On my way home, at the Vancouver airport, I started feeling very sad.  I wondered if this would be my last visit with my old friend.  Over the last year and a half I have watched as several of my Mesothelioma FB friends have died from this wretched disease.  One day their scans are stable and the next day they are back in the hospital.  Mesothelioma has a “bad rep,” it’s like the Hell’s Angels of Cancer.  It’s known for being very aggressive and brutal.  But for now I will just be grateful.  Grateful for friendship, grateful for a stranger’s kind words and grateful for not being devoured by crows or bears.

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Out & About with Ron

My stoma, Ron, is always busy spewing out everything that I eat and drink.  It is exhausting keeping up with him – staying hydrated and nourished is practically a full-time job.  Though Ron has resided with me on my tummy for a year and a half now, I am still not 100% comfortable bringing him out of the house.

Emptying Ron’s beige click-on bag in a public washroom is stressful.  First of all, I don’t like to be rushed and women’s bathrooms always have lineups.  It takes a few solid minutes to smoothly and cleanly empty the bag.  With ileostomies the “output” tends to be very liquid, so you have to line the toilet bowl with tissue, otherwise there will be a splashfest of gnarly!!  Then you have to make sure that the opening of the bag is perfectly clean before you roll and seal it back up, otherwise you risk burning your skin or ruining your clothes. (Been there, done that!).  Finally, there is the always humiliating scent.  Ron, like most stomas, could use a lesson or two on pretty fragrances, perhaps a little lavender or mint to go with that “output.”  The smell is shockingly hideous.  I have a toilet bowl spray called “Poo-Pourri” and though it does help, (if you spray twice the suggested amount), it is expensive and most people with stomas probably won’t have access to it.  So going to a new restaurant or to a dinner party at someone’s house, I am now always filled with dread, as I don’t want Ron to ruin the vibe or people’s appetite.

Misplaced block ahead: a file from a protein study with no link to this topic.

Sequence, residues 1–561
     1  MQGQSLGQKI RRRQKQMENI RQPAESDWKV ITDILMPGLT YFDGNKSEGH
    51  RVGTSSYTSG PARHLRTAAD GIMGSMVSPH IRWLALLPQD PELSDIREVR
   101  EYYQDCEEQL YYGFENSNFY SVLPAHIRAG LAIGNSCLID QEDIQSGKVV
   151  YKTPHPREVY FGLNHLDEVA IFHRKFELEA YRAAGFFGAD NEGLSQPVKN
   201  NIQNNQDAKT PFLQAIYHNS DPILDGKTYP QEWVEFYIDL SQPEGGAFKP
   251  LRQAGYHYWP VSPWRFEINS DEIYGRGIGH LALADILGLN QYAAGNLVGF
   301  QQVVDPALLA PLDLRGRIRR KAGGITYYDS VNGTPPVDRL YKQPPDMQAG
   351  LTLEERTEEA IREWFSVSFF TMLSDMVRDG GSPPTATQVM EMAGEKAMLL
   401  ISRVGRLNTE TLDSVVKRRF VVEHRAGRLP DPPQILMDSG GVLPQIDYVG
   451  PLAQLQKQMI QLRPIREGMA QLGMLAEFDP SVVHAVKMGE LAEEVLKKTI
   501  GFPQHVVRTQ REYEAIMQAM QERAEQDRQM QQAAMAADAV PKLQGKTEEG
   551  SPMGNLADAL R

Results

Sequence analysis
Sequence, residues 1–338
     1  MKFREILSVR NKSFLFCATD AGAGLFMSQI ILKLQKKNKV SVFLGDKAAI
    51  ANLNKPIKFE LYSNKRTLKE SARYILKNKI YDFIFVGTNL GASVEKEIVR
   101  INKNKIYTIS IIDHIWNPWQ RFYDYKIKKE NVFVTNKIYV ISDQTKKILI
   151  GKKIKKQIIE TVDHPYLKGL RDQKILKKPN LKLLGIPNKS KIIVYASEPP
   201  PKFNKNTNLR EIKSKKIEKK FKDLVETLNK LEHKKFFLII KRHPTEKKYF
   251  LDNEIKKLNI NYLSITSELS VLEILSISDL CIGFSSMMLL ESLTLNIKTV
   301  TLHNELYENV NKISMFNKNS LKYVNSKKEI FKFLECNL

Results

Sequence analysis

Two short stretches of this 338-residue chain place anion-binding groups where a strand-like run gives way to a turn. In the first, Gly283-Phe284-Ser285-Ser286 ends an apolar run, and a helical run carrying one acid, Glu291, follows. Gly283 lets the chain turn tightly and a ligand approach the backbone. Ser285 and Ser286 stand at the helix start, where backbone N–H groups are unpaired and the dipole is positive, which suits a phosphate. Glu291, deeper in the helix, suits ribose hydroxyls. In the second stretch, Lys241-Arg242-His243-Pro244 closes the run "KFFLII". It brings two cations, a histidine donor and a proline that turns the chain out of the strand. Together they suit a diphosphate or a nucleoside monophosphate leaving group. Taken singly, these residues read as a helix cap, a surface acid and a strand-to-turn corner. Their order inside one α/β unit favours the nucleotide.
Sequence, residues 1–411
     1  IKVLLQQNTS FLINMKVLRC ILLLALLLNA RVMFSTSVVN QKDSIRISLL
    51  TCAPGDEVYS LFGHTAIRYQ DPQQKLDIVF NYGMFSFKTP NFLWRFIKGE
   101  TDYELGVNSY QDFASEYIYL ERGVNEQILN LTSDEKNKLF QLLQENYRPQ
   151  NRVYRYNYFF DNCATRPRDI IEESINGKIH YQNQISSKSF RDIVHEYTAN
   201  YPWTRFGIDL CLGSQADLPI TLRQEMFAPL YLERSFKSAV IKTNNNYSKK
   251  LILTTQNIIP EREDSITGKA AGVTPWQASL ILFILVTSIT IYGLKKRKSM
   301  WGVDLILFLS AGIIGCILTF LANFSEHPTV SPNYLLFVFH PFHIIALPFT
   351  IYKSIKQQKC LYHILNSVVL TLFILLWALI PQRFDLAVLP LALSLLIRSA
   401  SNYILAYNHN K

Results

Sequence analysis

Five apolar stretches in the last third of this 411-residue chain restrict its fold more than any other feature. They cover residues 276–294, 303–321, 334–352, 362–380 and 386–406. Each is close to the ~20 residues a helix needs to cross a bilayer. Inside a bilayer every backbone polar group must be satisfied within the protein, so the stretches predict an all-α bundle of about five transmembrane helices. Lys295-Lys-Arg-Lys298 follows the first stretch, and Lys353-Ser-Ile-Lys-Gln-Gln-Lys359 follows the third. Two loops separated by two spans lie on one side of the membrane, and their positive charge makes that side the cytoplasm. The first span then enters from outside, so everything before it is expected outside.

Then there’s how to dress to conceal a stoma bag!  Right before my cancer operation – when I got Ron – I had started wearing high waisted 70’s style jeans with fitted tops.  It was a good look on me and it made me feel attractive.  Now I have much more limited options.  My go-to outfit consists of skinny low-rise jeans (the jeans hit me under the bottom of the bag), a snug stretchy camisole to kind of “flatten down” the bag and a loose, longer top.  Thankfully I can pull off this look, but as someone who enjoys clothing I hate not having more options.  Plus, even when concealed, the bag can fill up quickly making you look lump-sided.  The other day I had lunch with my lovely cousin and by the end of eating I was tenderly holding Ron’s full bag – I was cradling it as if I was cradling a miniature alien baby!  Whether I was comfortable or not I was forced to empty Ron’s bag at the restaurant or risk having it explode.  No one can prepare you for the strangeness of having a stoma.  It is heartbreaking, lifesaving and funny all at once.